Thursday, March 27, 2014
Janet Hyde et al. have completed a new meta-analysis of single sex education research, The Effects of Single-Sex Compared With Coeducational Schooling on Students’ Performance and Attitudes: A Meta-Analysis, which was published in the Psychological Bulletin last month. To date, it is the largest and most comprehensive study of its type. Hyde states: "We looked at 184 studies, representing the testing of 1.6 million students in grades K-12 from 21 nations, for outcomes related to science and mathematics performance, educational attitudes and aspirations, self-concept and gender stereotyping. From these, we selected 57 studies that corrected for factors like parental education and economics, which are known to benefit children's school performance." They found that most of schools' claims on behalf of single-sex education are not supported by the research:
- "One claim of single-sex schooling advocates is that, for girls, it will improve math-science performance because they are not mixed with boys who, it's claimed, dominate the classroom. But there is not any advantage, if you look at the controlled studies."
- "The claim that boys do better verbally in single-sex schooling, because they get squelched in a coed setting, did not hold up. And the claim has been made that girls will develop a better self-concept, but again there is no evidence for that."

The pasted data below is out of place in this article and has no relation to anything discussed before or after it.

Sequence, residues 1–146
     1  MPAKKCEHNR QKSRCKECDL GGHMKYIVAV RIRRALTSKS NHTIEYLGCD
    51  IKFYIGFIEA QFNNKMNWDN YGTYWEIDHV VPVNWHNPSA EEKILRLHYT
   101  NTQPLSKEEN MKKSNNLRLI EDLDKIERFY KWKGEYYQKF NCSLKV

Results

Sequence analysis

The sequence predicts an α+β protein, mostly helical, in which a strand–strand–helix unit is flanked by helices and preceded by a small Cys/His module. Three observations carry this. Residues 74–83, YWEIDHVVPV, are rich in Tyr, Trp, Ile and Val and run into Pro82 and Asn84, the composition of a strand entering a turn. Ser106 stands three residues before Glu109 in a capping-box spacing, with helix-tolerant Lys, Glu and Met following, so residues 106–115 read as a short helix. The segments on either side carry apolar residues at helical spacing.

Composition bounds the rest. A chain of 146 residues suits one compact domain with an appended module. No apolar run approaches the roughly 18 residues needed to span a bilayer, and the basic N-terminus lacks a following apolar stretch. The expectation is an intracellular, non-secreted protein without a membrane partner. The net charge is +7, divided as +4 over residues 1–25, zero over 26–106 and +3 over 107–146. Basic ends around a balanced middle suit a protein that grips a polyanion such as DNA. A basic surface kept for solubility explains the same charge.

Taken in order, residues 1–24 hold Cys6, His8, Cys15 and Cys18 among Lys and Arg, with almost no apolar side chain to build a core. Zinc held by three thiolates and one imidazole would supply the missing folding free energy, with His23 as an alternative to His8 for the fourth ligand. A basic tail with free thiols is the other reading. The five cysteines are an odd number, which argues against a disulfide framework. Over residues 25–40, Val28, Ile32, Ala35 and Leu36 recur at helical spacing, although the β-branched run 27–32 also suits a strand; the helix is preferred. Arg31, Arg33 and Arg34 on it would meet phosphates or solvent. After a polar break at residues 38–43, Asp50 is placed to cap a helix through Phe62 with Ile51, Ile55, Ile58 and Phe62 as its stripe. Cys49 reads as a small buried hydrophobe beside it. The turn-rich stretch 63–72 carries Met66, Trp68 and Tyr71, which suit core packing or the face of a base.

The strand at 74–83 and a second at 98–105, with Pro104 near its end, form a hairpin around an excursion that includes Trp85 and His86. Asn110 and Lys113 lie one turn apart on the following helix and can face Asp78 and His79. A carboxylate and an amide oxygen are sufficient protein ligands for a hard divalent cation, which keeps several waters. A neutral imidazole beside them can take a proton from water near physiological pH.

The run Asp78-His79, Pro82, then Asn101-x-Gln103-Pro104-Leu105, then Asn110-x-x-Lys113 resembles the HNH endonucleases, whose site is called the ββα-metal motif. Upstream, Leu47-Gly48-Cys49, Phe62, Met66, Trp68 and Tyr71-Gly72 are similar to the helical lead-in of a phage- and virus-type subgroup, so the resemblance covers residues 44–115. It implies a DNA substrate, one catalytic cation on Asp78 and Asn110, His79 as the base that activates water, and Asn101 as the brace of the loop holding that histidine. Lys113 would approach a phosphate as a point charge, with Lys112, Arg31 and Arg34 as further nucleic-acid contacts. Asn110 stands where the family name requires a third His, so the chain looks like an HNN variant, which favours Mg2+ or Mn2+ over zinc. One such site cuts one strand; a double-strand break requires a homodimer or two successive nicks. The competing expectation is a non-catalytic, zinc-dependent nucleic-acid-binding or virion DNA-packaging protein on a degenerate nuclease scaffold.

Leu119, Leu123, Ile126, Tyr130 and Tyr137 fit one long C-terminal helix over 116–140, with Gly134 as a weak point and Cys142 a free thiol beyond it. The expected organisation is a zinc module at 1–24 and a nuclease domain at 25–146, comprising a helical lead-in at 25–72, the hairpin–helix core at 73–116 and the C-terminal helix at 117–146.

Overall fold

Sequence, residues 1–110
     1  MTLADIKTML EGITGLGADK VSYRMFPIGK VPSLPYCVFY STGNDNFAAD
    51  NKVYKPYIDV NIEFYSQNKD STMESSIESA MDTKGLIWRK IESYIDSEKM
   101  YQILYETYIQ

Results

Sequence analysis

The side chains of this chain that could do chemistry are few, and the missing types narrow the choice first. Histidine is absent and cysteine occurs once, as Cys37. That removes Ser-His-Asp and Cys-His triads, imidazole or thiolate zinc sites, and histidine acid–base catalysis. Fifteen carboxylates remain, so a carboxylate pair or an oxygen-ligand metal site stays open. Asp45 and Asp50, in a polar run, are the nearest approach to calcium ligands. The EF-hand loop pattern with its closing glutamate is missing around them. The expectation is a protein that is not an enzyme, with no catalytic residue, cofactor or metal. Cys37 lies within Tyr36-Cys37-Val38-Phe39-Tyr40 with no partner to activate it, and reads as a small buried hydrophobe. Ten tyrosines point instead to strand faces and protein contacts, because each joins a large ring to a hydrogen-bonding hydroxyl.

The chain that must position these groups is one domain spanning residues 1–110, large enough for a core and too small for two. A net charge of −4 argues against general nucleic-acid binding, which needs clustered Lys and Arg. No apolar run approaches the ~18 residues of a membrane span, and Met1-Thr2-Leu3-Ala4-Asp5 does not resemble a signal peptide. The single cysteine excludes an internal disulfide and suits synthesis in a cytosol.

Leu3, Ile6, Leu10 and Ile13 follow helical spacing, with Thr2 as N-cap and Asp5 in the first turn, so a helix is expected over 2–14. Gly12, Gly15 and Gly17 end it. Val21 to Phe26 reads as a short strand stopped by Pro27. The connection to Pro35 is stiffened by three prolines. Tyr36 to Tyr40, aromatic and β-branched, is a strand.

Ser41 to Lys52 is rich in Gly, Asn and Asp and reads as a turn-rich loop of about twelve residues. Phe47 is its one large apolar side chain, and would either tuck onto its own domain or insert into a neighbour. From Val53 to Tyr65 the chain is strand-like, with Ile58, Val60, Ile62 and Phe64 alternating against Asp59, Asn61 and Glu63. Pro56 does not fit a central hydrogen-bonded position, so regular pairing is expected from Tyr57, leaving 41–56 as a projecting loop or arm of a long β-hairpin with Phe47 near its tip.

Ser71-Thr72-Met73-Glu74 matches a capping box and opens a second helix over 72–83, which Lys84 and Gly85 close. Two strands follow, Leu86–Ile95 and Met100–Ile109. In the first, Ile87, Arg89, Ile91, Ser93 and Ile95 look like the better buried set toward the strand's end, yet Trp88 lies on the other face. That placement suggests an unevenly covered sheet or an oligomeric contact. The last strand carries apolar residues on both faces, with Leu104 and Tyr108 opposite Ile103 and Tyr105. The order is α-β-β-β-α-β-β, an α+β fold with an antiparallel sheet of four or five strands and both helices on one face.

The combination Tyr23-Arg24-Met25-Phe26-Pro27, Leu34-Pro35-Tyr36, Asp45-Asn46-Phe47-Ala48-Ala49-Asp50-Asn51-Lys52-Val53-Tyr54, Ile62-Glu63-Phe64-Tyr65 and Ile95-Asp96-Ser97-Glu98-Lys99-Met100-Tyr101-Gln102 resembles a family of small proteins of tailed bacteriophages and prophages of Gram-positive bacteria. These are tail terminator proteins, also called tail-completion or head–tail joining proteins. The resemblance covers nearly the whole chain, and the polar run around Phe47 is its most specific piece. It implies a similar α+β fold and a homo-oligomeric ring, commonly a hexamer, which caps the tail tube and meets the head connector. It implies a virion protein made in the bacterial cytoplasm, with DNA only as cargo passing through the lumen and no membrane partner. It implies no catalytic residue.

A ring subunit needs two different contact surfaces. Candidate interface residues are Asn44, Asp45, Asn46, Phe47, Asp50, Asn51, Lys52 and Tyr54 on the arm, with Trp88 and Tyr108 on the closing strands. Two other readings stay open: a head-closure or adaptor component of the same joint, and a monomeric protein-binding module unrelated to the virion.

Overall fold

- "There has been some thinking that this would help ethnic minority boys, but we did not find enough studies covering that topic."
They found the research more consistently showed the harms of single sex-education. "There is a mountain of research in social psychology showing that segregation by race or gender feeds stereotypes, and that's not what we want. The adult world is an integrated world, in the workplace and in the family, and the best thing we can do is provide that environment for children in school as we prepare them for adulthood."
These findings spell legal trouble for the 500 or more districts currently operating some form of single sex education. Supreme Court precedent and federal regulations requite single sex education to be supported by an important government interest. One would be remedying past discrimination, the other improving educational outcomes. Most schools claim the latter, which this study undermines. Nonetheless, a recent story in the Atlantic reports that single sex education has been making somewhat of a comeback. It explores the heated politics on both sides of the issue.